Department of There's an Internet Business for Everything: Yellow Images sells blank products ready for you to superimpose your own brand/product. There's something so soothing about a plain object not covered in all of the cruft designers are paid to create.
A cover design for a book discussing judicial executions in Victoria, Australia.Read More
A great catastrophe is afoot in this sweeping saga set in Ancient Egypt. We used a beautiful 19th century illustration with vivid saturated colours and combined it with a hint of the Egyptian desert and a meteorite trail (essential to the plot). Title type set in Yana.
Christian Jenkins designs amazing outdoor living spaces for his clients across Victoria. He wanted a brochure to showcase his recent work and introduce his design philosophy. We kept the layout very clean, the focus on his design and the wide variety of possible themes and solutions.
The creator of this website doesn't post often, but when he does, he makes up for the lack of quantity with sheer quality. He has an eye for interesting new type design plus a deep knowledge of design history. His enthusiasm is infectious. Well worth visiting for ideas and inspiration, unexpected combinations of type and strange tales from the dawn of typography.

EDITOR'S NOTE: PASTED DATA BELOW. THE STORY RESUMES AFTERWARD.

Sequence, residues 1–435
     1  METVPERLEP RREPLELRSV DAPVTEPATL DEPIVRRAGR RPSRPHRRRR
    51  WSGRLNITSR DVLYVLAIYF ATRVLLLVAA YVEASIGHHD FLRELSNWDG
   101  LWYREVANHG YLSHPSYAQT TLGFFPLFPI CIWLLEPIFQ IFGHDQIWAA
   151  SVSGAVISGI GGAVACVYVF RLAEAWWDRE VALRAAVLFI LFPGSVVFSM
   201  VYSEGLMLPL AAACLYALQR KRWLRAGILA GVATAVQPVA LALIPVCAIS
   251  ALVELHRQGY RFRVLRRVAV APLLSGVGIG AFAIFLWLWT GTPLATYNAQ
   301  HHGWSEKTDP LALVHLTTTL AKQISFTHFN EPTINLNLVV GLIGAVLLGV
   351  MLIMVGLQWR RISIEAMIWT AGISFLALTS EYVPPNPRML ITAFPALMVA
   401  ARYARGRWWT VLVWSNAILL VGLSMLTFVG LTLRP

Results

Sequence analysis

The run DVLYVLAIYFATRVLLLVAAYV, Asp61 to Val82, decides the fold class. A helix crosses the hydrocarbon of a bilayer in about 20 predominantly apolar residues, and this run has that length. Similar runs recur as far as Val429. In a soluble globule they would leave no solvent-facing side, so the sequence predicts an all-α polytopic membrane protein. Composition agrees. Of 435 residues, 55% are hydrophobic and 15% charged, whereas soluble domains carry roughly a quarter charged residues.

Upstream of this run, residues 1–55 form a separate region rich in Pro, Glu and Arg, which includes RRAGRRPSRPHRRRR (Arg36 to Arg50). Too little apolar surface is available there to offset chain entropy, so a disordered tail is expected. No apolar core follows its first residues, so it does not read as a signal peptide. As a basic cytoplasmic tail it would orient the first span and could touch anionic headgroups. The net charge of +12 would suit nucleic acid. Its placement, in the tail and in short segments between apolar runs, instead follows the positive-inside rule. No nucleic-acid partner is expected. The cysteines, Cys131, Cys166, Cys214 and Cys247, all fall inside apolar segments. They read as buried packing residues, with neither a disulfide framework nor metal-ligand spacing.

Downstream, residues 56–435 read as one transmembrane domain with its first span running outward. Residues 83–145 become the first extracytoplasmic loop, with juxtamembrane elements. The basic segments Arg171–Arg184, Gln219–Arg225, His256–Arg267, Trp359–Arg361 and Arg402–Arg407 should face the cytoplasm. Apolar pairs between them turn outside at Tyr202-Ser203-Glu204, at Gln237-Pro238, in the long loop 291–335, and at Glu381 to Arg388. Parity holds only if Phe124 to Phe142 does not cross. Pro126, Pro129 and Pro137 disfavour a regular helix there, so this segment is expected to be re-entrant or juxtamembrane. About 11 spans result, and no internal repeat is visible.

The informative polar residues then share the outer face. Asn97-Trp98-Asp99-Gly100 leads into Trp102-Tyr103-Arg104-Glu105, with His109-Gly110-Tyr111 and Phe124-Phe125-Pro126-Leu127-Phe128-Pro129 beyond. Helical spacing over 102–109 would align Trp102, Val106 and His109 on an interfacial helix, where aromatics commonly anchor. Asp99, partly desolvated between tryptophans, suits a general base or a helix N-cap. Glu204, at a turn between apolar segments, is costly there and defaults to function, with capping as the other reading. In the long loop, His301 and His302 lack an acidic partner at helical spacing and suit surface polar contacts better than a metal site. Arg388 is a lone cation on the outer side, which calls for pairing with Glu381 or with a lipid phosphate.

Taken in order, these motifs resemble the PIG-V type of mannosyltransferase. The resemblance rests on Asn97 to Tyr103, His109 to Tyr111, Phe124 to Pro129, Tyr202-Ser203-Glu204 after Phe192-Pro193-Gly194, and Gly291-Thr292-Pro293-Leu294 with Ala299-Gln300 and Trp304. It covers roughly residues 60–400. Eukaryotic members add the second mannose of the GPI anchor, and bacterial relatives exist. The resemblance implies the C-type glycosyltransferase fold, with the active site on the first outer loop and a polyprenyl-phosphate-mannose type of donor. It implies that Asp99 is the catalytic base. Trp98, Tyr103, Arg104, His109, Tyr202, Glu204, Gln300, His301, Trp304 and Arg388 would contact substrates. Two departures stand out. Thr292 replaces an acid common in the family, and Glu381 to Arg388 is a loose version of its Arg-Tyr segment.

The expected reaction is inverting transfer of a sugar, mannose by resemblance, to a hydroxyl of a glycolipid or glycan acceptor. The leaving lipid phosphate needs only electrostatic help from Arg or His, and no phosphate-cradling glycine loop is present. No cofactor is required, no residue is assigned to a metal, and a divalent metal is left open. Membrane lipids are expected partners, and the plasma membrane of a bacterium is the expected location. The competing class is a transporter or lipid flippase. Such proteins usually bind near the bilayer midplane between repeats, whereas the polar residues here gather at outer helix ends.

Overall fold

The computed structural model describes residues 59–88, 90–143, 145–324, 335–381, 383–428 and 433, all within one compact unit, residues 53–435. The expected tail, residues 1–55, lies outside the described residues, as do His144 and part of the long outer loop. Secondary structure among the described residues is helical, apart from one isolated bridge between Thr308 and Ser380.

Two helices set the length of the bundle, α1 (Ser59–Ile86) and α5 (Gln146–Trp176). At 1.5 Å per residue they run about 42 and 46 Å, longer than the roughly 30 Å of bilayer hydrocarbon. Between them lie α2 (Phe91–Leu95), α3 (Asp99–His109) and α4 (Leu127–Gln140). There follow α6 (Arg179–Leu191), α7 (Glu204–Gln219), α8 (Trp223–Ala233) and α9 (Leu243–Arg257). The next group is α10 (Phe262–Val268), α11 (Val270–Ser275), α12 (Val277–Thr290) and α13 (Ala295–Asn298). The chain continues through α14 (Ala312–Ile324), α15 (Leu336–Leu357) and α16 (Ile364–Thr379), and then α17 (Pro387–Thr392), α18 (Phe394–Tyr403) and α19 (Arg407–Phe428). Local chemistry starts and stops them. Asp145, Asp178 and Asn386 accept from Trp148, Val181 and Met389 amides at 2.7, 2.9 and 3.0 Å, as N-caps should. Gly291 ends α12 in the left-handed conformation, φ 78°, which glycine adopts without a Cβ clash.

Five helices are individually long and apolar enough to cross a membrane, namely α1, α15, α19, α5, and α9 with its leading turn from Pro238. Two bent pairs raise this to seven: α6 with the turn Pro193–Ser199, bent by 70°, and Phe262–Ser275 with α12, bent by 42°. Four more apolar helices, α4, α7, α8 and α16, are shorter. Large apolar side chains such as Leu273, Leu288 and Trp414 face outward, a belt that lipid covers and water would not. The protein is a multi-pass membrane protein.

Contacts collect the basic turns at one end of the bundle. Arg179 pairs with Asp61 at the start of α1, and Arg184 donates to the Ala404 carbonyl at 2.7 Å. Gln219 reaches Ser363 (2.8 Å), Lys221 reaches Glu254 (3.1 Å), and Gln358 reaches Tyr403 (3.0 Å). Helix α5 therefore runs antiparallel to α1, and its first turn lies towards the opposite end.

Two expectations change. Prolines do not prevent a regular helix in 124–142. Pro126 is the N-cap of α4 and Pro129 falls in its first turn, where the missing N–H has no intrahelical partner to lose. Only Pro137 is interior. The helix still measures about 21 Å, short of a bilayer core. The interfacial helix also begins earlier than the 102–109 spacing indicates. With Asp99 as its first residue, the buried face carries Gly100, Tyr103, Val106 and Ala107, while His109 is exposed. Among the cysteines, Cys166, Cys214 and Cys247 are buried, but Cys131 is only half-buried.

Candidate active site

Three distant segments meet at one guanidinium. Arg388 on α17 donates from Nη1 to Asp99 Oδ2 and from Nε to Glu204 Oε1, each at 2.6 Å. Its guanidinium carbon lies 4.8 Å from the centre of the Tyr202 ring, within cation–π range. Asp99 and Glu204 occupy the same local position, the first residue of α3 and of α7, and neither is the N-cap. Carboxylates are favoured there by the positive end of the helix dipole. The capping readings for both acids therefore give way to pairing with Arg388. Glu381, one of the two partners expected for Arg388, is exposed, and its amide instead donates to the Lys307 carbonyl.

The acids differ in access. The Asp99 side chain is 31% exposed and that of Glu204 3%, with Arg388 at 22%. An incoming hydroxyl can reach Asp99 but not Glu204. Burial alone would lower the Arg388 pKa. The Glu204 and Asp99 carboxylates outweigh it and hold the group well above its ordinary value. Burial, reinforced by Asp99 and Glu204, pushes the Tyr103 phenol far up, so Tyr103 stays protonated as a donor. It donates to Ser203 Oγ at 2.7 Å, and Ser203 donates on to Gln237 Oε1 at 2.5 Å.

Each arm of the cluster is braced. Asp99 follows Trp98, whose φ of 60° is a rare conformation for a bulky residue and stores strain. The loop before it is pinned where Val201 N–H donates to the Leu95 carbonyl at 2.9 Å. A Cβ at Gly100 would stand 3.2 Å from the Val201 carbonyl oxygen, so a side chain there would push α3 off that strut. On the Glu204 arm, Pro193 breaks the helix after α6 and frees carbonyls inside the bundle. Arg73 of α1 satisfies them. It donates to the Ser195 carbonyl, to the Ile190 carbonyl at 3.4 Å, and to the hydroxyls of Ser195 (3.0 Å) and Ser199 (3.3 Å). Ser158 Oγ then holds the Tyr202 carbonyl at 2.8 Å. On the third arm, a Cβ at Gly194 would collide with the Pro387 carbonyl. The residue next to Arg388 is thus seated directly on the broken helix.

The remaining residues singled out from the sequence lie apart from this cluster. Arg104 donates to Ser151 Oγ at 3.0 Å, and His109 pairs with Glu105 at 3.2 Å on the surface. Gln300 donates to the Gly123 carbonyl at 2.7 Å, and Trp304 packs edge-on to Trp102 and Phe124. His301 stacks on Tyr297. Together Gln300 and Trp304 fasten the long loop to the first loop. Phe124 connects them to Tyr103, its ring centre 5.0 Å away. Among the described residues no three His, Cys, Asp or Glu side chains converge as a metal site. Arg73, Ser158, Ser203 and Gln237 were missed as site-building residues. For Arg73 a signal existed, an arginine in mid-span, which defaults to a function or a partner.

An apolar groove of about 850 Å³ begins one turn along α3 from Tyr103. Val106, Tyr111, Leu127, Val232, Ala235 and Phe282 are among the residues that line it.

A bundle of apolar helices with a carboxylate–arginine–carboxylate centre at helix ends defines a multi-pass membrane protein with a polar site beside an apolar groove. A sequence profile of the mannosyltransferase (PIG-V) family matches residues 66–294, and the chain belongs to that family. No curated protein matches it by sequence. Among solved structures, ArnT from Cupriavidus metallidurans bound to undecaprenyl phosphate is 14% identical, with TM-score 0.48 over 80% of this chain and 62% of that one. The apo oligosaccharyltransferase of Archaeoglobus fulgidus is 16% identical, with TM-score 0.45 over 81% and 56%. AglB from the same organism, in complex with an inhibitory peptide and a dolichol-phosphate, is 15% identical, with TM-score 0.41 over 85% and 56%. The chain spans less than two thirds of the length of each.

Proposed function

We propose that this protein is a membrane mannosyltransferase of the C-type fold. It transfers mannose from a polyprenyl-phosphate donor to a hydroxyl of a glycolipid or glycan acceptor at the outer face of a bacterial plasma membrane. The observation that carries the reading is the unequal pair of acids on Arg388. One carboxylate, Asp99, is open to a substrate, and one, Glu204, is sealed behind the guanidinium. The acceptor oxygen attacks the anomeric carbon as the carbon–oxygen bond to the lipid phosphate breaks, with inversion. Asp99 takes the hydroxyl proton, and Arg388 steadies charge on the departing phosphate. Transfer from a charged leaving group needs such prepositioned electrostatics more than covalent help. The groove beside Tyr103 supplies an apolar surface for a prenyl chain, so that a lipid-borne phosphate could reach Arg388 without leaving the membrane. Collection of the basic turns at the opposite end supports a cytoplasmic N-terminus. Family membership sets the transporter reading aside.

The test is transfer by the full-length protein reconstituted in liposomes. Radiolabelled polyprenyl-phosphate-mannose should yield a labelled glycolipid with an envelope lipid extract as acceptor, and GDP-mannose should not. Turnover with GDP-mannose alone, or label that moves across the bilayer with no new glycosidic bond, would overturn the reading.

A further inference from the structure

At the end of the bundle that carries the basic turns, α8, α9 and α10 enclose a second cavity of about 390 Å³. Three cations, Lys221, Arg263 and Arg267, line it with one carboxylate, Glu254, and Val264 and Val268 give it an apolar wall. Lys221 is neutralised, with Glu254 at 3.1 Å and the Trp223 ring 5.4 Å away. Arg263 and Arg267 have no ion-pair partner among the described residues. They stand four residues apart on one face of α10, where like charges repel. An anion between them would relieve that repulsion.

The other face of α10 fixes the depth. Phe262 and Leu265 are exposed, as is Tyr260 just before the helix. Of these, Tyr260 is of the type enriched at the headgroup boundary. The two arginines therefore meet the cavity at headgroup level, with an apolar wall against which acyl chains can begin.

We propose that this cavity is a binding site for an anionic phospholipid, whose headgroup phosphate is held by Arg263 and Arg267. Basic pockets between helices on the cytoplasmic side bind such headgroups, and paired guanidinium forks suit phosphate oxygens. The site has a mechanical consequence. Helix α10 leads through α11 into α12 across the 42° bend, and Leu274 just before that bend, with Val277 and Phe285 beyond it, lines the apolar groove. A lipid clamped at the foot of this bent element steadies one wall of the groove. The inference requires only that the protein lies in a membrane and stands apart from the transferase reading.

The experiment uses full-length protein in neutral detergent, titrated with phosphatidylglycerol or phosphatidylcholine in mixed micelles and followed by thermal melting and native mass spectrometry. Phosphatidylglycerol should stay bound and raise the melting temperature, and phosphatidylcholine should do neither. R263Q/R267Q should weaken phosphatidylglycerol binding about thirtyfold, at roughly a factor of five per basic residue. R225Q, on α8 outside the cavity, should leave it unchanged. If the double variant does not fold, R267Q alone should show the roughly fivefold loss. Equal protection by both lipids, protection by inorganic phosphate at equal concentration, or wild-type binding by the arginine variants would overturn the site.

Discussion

Despite the advent of web-served type, Arial is still Queen of the Internet. 616,000 of the Web's top million websites use this rather unexceptional typeface. Fontreach gives an useful snapshot of font use.There are several old standards originally commissioned by Microsoft, a few freebies served by Google and finally, further down the list, some interesting new typeface designs.